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Despite a suggestion last week that southerners could write to the Director-general of Health, Stephen McKernan, with their concerns about neurosurgery service plans, no letters have yet been received by his office.
Health Minister Tony Ryall, who made the suggestion in Dunedin last week, has received fewer than a handful of letters from people seeking to retain the Dunedin service.
The membership and terms of reference of the expert review panel to advise Mr McKernan on the impasse between the Southern and Canterbury district health boards over the future regional service are not likely to be announced until July 18.
South Island district health boards have agreed there should be a regional service with six neurosurgeons, but while Canterbury wants all six in Christchurch, Southern wants two living in Dunedin.
Dunedin-based National List MP Michael Woodhouse said yesterday he had received between six and 10 letters supporting retention of services in Dunedin.
Doctors and others he met on the street were grateful for his support on the issue.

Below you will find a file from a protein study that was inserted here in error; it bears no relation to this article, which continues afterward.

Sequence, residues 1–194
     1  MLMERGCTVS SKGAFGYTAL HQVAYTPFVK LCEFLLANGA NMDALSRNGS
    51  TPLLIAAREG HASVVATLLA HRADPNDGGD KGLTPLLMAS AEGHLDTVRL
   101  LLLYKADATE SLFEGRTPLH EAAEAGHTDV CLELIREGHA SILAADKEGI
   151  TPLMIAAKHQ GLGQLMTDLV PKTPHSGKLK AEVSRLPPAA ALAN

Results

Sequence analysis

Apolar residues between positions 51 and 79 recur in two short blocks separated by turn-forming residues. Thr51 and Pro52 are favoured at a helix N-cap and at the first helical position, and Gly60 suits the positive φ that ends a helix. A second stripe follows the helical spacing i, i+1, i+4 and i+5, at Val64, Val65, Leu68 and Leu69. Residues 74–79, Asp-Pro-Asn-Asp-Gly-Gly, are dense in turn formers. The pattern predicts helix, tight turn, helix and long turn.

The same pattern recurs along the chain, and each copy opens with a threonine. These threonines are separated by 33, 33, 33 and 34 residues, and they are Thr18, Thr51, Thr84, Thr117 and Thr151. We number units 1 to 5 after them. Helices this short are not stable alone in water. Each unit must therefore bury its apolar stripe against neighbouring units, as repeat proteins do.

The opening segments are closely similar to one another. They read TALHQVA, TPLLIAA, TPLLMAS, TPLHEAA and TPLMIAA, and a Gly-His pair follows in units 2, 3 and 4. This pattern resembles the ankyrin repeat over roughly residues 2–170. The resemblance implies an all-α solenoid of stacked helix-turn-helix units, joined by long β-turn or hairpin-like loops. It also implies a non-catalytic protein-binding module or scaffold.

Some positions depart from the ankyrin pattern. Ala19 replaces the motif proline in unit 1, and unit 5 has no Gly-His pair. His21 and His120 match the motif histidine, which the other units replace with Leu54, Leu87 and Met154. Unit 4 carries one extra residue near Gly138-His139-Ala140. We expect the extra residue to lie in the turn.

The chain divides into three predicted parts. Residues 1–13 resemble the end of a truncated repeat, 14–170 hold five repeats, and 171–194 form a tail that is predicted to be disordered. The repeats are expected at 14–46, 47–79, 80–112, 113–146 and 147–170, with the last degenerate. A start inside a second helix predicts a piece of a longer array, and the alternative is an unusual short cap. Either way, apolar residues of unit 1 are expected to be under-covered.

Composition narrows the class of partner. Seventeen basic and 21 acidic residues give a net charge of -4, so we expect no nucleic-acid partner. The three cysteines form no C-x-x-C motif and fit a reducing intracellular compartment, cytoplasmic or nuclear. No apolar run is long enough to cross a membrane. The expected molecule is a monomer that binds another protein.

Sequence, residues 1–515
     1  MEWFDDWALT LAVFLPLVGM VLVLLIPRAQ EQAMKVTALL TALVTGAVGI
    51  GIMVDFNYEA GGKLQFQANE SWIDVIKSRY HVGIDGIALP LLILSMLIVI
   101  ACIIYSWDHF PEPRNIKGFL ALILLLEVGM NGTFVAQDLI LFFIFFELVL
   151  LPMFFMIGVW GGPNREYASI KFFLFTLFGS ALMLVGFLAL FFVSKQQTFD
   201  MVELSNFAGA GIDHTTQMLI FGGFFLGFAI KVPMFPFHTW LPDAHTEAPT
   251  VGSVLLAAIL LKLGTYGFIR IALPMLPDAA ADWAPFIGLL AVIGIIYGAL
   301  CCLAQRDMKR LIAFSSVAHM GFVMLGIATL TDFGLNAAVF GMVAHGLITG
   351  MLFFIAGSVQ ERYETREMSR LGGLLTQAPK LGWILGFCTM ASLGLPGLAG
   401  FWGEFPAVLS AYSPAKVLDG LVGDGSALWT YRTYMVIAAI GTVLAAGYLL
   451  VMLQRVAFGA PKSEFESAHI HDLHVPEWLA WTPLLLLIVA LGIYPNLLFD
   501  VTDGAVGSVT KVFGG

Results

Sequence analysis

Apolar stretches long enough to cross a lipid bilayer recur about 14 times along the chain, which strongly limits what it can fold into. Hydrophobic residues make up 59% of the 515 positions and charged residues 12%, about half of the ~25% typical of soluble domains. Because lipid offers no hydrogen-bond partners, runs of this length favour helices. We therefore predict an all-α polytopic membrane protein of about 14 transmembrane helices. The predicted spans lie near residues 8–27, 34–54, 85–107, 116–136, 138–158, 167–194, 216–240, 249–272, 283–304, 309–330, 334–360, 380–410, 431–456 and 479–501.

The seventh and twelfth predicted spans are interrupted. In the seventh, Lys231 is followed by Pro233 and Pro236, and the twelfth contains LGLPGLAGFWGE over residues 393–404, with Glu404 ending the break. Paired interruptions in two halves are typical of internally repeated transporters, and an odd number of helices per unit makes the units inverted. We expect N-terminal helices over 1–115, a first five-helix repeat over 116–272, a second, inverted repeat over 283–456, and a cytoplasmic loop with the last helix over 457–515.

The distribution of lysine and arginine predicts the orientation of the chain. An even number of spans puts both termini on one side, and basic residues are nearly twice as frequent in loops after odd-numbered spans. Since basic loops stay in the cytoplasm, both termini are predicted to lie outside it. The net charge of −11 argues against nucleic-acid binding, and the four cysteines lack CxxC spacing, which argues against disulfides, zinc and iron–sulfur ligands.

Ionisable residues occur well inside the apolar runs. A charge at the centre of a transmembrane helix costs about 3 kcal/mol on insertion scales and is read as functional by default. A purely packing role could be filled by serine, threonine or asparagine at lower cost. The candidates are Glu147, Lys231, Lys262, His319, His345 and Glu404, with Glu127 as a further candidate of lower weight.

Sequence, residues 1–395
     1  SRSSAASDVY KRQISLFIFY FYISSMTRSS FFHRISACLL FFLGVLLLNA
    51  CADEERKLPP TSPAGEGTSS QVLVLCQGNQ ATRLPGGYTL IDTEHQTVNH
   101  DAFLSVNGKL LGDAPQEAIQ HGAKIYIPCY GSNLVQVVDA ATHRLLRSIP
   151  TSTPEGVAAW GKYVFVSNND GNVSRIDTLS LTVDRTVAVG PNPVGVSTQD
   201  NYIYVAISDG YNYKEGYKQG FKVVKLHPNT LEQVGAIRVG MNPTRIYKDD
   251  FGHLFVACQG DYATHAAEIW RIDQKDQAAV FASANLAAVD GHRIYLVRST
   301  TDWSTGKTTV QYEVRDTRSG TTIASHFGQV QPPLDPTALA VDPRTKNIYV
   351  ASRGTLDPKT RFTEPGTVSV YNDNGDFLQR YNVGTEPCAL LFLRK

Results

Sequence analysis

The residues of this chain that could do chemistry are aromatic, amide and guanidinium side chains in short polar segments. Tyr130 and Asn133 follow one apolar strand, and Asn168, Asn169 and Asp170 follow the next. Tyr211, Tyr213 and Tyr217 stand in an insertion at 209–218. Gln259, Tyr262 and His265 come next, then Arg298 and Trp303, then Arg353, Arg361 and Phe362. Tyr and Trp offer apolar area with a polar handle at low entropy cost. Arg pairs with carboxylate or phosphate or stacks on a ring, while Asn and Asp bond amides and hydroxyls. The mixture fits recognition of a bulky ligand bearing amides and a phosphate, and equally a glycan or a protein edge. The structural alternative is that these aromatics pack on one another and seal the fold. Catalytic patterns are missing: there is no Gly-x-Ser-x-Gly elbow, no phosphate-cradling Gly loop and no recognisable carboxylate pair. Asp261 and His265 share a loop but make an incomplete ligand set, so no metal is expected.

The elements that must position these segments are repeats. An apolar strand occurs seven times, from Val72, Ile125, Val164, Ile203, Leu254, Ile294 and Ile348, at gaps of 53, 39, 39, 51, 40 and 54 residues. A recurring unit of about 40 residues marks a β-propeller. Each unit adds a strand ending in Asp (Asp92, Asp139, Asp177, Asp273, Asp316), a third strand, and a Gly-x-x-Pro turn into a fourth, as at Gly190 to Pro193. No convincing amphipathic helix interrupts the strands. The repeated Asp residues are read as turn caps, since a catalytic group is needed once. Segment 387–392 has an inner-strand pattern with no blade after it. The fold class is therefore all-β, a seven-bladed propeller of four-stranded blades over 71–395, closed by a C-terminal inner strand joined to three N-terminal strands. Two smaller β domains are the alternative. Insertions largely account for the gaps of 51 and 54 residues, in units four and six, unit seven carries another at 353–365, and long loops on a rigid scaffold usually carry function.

"The minister and I are both of a similar view. It is an important decision and one best made with all of the information and ideally, the support of clinicians."
Questions which still needed answers from the review panel included the costs of the two options, the logistics of air ambulance travel under the one-site model, and the effect on clinical training for some specialists, undergraduate training for medical students and any downgrading of the status of Dunedin Hospital's intensive care unit.
Dunedin South MP Clare Curran said dozens of constituents had raised concerns about the issue with her verbally and a few had sent letters.
People feared the South was becoming a backwater and that the one-site proposal would clearly disadvantage patients and the medical school.
Dunedin North MP and former health minister Pete Hodgson, who has previously lobbied for retaining the Dunedin service, was out of the country and could not be reached for comment yesterday.